If No TPP, Then What?

Watching from the sidelines, Taiwan had cheered the efforts of the 12 countries negotiating to create the Trans-Pacific Partnership (TPP) in hope that this economy would be able to enter the multilateral trade agreement in a second round. Now, with the declaration of U.S. President-elect Donald Trump that he will announce the United States’ withdrawal from TPP on his first day in the White House, it seems unlikely that even a first round will come to fruition – at least for a long time to come.

Where does that leave Taiwan and its determination to upgrade its economy, diversify its trade and investment relations, and reduce its reliance on exports to China through more international engagement? Although that question will certainly be provoking a great deal of thought in Taiwan and among Taiwan’s friends and supporters in the United States, no definitive answers can be expected until the personnel make-up and policy directions of the Trump administration are better known.

At the same time, it is possible to make some educated guesses about trade-policy directions in the months ahead. Trump has made clear that his administration’s trade policy will emphasize enforcing commitments and understandings under existing trade relations – in line with his priority of ensuring fair practices that do not put American goods and manufacturers at a disadvantage. In this respect, Taiwan has the benefit of already being part of a well-established mechanism with the United States – the Trade and Investment Framework Agreement or TIFA – that permits close monitoring of the bilateral economic relationship and regular discussion of any trade irritants.

Once a year, most recently in October this year in Washington, D.C., high-level delegations from the two sides convene a TIFA Council meeting. Those sessions have generally been quite productive, and with the exception of a few sensitive issues – mainly related to agricultural products – the TIFA process has been characterized far more by cooperation and collaboration than by any discord.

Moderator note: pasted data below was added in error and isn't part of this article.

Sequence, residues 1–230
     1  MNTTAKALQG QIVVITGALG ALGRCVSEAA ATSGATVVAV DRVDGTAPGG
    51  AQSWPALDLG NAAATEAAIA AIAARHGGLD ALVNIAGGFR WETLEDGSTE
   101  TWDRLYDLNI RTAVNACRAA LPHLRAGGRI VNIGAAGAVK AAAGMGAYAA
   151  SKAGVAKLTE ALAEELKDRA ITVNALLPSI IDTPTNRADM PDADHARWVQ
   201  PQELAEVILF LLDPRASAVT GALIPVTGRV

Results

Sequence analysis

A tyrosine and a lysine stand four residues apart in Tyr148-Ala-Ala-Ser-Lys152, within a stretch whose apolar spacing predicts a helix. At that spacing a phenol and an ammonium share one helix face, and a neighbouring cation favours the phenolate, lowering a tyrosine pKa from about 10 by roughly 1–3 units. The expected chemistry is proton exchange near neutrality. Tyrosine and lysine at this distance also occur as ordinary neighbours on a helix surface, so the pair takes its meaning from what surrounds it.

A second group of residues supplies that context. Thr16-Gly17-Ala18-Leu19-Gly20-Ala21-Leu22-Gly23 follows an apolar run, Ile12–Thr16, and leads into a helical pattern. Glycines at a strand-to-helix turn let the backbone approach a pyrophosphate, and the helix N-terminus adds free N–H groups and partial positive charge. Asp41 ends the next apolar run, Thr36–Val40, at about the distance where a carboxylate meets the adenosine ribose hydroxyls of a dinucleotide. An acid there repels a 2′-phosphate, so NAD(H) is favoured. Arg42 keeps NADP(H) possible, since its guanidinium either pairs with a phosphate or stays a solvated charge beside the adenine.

Taiwan, in fact, may now have an excellent opportunity to build a close and cordial relationship with the incoming administration by making further concrete progress on any outstanding TIFA issues, clearly demonstrating that Taiwan fully shares U.S. principles about fair trade and deserves to be regarded as one of America’s most reliable trading partners.

Another likely development under the Trump administration will be decreased emphasis on multilateral platforms such as TPP in favor of more bilateral activity. Substantive progress in the TIFA channel – as well as continued strides on Taiwan’s part to make its regulatory regime more transparent, accountable, and fully in line with international standards and practices – would give Taiwan a strong case for consideration by the U.S. government as a prime candidate for selection as a negotiating partner for trade and/or investment agreements.

Donald Trump has stated that he is not anti-trade or anti trade-agreements – only against trade agreements that treat the United States unfairly. And many commentators have observed that Trump will find that fulfilling his promise of spurring U.S. economic growth and job creation will be impossible without promoting international trade.

Although the political environment may be changing, Taiwan needs to be ready to take full advantage of whatever opportunities may arise.

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